Vt., Feds Agree on All-Payer

Valley News Staff Writer
Monday, October 03, 2016

Montpelier — Vermont officials said on Wednesday they had agreed with the federal agency that oversees Medicare on terms for an “all-payer model” that would pay more health care providers a set amount for each of their patients.

This system — sometimes called capitation — is touted by some analysts as a key to phasing out the existing fee-for-service system, which critics say results in perverse incentives to boost revenue by providing more services to patients. Those incentives work against efforts to cut the growth in health care spending, critics say.

The proposed agreement, which has not yet been signed, would include a goal of limiting the annual increase in aggregate health care costs to 3.5 percent, according to information posted on the website of the Green Mountain Care Board, a state panel that oversees hospital spending and insurance premiums.

The all-payer deal aims to increase the economic impact of capitation by prompting more primary care doctors to participate in accountable care organizations. It would aim to use capitation to pay for the care of more patients covered by Medicaid and commercial insurance.

Many Vermonters are currently covered by OneCare Vermont, an accountable care organization that encompasses 124 providers ranging in size from giants like Dartmouth-Hitchcock and the University of Vermont Medical Center to individual primary care doctors.

OneCare Vermont already reimburses participating providers using capitation instead of fee for service. OneCare covered the payment arrangement for 42,000 of the state’s 118,000 Medicare recipients, D-H disclosed in a tax return made public in May. Altogether, providers collect payments under OneCare for about 95,000 Vermonters covered by Medicare, Medicaid and commercial insurance, according to the OneCare website.

Initial reactions to the all-payer model were guarded.

Jeff Tieman, the CEO of the Vermont Association of Hospitals and Health Systems, issued a release noting “many important but unanswered questions” about the deal. “For an all-payer model to work, Medicaid must be a reliable and adequately funded partner,” he said. “We must have a plan for containing Medicare cost growth that accounts for our state’s aging population; and we must make sure that the contractual structure of the model is sensible and workable.”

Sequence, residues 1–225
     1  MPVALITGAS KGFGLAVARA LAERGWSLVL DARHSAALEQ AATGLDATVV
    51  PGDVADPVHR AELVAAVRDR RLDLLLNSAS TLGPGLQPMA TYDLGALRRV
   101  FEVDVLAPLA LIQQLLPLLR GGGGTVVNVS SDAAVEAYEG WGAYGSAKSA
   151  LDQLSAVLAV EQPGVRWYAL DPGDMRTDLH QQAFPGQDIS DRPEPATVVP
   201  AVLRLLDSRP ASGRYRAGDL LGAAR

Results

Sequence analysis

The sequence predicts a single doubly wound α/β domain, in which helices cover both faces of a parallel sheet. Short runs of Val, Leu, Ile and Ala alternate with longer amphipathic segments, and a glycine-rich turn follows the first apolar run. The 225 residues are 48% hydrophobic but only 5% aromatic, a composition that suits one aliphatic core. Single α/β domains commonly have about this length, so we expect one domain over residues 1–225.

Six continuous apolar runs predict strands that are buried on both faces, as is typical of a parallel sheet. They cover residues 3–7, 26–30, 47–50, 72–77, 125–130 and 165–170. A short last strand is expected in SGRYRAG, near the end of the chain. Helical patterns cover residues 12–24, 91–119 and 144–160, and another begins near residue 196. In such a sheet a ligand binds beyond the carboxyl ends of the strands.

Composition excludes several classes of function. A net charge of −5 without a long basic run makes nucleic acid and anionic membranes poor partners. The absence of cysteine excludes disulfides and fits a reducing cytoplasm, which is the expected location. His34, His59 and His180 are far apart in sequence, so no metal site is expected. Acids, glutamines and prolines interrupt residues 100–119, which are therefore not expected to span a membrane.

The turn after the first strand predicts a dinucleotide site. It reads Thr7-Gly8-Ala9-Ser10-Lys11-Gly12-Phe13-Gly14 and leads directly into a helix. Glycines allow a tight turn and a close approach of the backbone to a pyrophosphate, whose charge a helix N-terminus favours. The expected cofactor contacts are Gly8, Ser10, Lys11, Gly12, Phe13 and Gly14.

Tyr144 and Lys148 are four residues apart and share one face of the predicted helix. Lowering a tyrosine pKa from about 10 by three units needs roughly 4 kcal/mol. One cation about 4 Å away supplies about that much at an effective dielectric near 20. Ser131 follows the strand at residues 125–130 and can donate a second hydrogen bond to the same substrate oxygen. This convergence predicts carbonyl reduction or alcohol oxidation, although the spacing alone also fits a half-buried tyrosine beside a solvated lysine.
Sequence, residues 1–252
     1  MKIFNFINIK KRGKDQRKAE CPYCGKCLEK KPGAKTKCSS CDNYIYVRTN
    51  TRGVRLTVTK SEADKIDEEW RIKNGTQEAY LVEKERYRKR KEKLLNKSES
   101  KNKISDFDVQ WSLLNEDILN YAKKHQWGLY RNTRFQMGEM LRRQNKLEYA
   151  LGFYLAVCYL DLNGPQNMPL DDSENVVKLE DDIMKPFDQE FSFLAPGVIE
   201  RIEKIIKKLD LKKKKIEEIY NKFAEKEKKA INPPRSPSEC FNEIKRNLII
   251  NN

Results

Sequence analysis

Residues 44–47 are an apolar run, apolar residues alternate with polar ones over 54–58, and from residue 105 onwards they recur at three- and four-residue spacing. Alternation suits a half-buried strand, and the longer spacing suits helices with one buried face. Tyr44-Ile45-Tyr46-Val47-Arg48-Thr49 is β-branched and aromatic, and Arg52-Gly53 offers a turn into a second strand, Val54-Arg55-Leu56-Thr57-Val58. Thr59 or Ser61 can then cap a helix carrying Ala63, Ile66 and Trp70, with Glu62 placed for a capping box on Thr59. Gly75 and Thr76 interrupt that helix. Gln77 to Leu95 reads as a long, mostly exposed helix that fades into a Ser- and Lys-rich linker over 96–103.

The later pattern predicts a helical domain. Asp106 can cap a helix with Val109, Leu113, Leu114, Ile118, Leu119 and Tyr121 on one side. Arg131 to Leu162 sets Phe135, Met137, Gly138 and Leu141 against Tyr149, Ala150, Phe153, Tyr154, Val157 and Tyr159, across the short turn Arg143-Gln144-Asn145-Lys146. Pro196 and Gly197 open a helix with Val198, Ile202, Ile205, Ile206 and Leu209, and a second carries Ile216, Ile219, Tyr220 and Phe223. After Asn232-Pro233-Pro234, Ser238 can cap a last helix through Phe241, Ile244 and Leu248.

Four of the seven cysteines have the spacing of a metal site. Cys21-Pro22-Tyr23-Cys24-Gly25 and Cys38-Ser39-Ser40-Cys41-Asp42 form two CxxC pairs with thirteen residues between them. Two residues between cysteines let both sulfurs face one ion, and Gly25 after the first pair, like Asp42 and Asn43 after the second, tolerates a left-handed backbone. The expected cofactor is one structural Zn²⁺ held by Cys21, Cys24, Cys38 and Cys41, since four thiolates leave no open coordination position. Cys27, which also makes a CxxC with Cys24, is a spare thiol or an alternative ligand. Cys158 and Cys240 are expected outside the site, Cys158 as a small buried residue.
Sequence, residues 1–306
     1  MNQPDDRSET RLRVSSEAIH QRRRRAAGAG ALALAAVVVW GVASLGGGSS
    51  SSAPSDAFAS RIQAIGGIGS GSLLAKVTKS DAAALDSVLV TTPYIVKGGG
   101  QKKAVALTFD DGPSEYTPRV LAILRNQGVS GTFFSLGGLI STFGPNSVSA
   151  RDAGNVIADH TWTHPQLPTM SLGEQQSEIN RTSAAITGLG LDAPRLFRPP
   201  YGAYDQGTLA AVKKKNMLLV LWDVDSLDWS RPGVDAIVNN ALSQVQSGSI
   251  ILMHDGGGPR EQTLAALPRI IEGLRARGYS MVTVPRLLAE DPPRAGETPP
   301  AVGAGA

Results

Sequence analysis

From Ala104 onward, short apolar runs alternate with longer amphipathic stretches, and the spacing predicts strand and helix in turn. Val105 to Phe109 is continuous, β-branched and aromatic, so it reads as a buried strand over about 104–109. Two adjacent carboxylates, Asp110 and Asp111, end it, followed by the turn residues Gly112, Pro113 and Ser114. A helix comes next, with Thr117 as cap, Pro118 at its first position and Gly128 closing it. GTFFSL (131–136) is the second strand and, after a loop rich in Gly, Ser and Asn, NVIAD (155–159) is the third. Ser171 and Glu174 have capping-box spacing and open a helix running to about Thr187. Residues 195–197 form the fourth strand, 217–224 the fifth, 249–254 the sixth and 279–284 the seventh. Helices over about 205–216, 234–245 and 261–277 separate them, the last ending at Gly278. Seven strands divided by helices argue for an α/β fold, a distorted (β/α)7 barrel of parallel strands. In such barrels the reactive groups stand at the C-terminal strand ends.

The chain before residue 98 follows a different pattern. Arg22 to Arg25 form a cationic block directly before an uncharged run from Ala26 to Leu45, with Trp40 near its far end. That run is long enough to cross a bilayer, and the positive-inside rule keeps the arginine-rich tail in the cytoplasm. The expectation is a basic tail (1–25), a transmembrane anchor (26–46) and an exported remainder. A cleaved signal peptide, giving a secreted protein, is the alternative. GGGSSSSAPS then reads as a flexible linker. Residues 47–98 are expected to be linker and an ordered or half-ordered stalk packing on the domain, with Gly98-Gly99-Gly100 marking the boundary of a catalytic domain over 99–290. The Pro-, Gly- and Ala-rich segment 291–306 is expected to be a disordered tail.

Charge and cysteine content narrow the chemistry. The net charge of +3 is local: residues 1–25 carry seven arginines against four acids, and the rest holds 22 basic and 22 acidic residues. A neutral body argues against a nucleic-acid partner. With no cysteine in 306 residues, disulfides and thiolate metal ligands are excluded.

Cory Gustafson, a spokesman for Blue Cross Blue Shield of Vermont, the state’s largest commercial health insurer, said the company had talked with the administration about the new deal in the works but had not been directly involved in negotiations with federal officials.

“We’re going to take a look at it,” Gustafson said. “We just don’t have a comment until we (learn more about) what the details are.”

At a health care policy forum last Friday, the gubernatorial candidates of the two major parties were noncommittal about the anticipated all-payer deal.

Democratic candidate Sue Minter said she wanted “to understand the system of governance for decision making, who and how decisions on budgeting will get made” before endorsing the plan. She said she also would “want to know there will be ways to get out of this program if we do not want to be in it” and for providers to opt in or opt out of the new system.

Lt. Gov. Phil Scott, the Republican candidate, also expressed skepticism.

“I get the concept, but at the same time the devil is in the details,” he said. “What is it going to mean to each of us and how much is it going to cost and what are we going to get out of it?”

OneCare offers participants the chance to share a portion of the savings that result from the program. So far, no such shared savings have been reported on its website.

The all-payer deal would be tied to revised version of accountable care, which Medicare has dubbed Next Generation. That program provides greater rewards when savings are achieved but requires providers to take on more risk, in part by paying the costs if expenditures on patients’ care exceeds the revenue from the capitated payments.

Agreed-upon quality-of-care measures covered by the new all-payer program will include substance abuse deaths, suicides, access to primary care doctors and the rates of diabetes, hypertension and chronic obstructive pulmonary disease.

Rick Jurgens can be reached at rjurgens@vnews.com.